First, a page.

I recommend using grade-level resources as the focus. Even if students are below grade level, it is important they are exposed to grade-level text in strategy groups where they are provided support. If students are never challenged to complete grade-level tasks, it is only going to give them more stress and anxiety during assessment times. As long as you expose your students to texts in chunks while providing the support they need, they will learn to rise to the challenge and tackle difficult texts.
My Core Comprehension passages are the perfect resource because you can be assured students are working on grade-level standards-based texts. These texts are also scaffolded, so students can progress from the lowest to highest text complexity as they work towards mastering skills.
Work With Your Groups:
Here is what a sample calendar of one week of a strategy group can look like:
Reintroduce the skill anchor chart. If your students have journals, they can refer back to the anchor chart when they previously worked on the skill. Model how to tackle a mid-range text by showing students how you read through the text, then give a general summary of what you read to monitor comprehension. Reread if needed. Next, model how to answer the skills-based comprehension questions. Be sure to model effective reading strategies such as circling key words in the questions, underlining text evidence, restating the questions, and rereading your responses.
Work as a group on another mid-range passage. Students read the passage independently, then summarize the passage orally as a group or with the person next to them. Finally, go through each question together, circling key words. Give students time to find text evidence in the passage and begin answering. Discuss each response and the text evidence. This may take more time in order to reinforce good reading behaviors.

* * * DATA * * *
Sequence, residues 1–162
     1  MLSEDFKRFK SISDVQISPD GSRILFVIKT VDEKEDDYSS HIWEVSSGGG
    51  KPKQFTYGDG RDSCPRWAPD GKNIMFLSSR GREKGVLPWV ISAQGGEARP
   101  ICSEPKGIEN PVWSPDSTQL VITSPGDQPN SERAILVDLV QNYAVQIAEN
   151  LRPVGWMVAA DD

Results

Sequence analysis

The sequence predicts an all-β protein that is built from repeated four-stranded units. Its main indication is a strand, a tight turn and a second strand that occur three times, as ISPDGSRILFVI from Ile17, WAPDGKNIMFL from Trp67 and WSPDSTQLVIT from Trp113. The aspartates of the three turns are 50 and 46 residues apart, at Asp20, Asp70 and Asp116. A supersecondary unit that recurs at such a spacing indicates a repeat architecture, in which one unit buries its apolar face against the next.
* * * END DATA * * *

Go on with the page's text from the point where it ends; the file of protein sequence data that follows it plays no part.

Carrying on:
Students begin to work “independently” on their first passage. I say “independently” because they are not actually independent. They should still be sitting in their small group with you closely monitoring their process, asking questions, and providing support. Begin by assigning one of the passages in the lowest range of the grade-level band.
Since your strategy group likely has a wide range of readers, students will begin to work at different paces. This is a good thing! As you are monitoring, you will see some students just “get it!” Assign more difficult leveled passages as they see success. Continue to monitor their work. But if you see consistent mastery, you may even have some students ready to exit the group before the week is up. That is something to celebrate! It also gives you more time to focus on students who need more support.
Assign passages at increasing difficulties as students are ready. Remember, students should not all be working on the same text at the same pace. Continue to provide any necessary support to students who need it. I caution you to ensure that your support is NECESSARY. Allow students to be challenged and make mistakes. Be there to guide them back on track.
Repeat and Repeat!
Continue to implement similar strategy group lessons as needed. It is a good idea to implement strategy groups for 4-8 week stretches. Typically, the most crucial time is mid to end of the year as students are getting ready for state testing and all of the standards have been taught whole group.
While it is a lot of work, I guarantee you will see a big difference in your student’s reading comprehension skills.